Rivera 2018 Pungirosa Bombino Nero Rosato (Castel del Monte); $15, 88 points. This Bombino Nero rosato is unabashedly fruity on the nose and palate with watermelon, grapefruit and strawberry tones taking center stage. It’s a soft, easygoing sipper that is sure to please many with its straightforward appeal. Montcalm Wine Imports. —A.P.

From left to right: Barone di Villagrande 2017 Rosato (Etna); Sallier de la Tour 2018 Madamarosè (Sicilia); and Cottanera 2018 Rosato (Etna)
From left to right; Barone di Villagrande 2017 Rosato (Etna); Cottanera 2018 Rosato; and Sallier de la Tour 2018 Madamarosè (Sicilia) / Photo by Ashton Worthington


The largest island in the Mediterranean, Sicily’s wine scene is booming, and rosato production is no exception. Bottlings from both native and international grapes are produced across its landscape, with colors that range from light onion skin to deep pink. They can be fruity or floral, but nearly all showcase a savory salinity.

One of the island’s most exciting winemaking regions is Mount Etna. The area turns out vibrant and intriguing rosatos, thanks to its unique combination of indigenous grapes, soaring vineyard altitudes, volcanic soils and intense sunlight. Those factors are also coupled with cooler, wetter growing conditions in comparison to the rest of Sicily.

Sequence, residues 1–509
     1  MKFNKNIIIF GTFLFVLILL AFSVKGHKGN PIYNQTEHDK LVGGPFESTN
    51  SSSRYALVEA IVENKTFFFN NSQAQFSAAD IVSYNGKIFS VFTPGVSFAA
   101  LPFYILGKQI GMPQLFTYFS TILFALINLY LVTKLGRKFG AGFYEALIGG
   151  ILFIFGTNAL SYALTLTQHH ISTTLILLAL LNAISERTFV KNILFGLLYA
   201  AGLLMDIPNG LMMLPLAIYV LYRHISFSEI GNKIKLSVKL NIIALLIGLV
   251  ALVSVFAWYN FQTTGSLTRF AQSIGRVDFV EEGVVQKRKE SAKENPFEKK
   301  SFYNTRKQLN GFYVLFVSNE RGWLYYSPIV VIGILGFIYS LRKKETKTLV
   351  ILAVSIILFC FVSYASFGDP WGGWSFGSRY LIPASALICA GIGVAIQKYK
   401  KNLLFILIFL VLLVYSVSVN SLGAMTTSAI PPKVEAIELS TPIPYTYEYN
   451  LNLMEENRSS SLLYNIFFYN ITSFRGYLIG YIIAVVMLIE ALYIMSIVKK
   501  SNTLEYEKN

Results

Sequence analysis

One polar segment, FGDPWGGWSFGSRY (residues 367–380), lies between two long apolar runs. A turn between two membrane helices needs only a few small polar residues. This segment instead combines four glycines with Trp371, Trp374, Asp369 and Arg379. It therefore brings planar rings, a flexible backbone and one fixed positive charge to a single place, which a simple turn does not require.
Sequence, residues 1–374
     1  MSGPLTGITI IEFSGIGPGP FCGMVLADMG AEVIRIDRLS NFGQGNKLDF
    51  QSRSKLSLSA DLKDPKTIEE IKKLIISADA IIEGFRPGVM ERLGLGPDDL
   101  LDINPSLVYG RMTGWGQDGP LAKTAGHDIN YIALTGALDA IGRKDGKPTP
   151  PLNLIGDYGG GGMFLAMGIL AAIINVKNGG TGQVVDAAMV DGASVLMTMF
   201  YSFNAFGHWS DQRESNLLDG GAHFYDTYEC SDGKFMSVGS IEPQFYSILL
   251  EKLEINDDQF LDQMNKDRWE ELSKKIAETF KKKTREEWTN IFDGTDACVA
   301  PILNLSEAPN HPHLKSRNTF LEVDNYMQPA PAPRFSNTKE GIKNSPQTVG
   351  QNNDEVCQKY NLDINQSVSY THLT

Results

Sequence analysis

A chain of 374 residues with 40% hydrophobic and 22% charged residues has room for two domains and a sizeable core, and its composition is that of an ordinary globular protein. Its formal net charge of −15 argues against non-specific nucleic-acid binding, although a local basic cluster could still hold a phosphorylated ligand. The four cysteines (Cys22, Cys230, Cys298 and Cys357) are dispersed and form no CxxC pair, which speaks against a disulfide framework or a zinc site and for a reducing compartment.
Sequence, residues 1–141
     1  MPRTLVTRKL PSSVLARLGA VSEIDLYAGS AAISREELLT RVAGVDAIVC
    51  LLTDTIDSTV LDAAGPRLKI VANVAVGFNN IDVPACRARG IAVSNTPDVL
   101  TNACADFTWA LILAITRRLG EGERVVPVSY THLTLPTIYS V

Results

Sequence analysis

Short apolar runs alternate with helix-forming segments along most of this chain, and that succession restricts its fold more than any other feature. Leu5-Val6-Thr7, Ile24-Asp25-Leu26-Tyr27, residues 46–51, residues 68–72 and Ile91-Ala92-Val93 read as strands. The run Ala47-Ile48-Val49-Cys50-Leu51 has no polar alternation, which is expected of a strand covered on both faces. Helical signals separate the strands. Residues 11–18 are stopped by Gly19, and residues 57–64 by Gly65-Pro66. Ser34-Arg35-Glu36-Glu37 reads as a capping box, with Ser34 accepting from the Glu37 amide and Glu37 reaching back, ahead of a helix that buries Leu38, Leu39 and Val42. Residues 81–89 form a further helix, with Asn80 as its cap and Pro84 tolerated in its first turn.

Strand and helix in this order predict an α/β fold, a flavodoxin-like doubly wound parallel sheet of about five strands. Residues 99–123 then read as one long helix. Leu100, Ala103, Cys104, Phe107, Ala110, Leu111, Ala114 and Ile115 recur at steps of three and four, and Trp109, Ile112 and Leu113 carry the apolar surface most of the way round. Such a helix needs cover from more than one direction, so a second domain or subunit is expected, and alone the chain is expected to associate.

Nerello Mascalese is the native grape that serves as the backbone of Etna’s elegant, racy rosatos. It yields crisp stylings when harvested early and vinified like a white wine. Alternately, several hours of skin contact yields more fruit and a deeper color.

In other parts of Sicily, producers make pink offerings from Nero d’Avola as well as a variety of international grapes. Syrah is one that often shows especially well.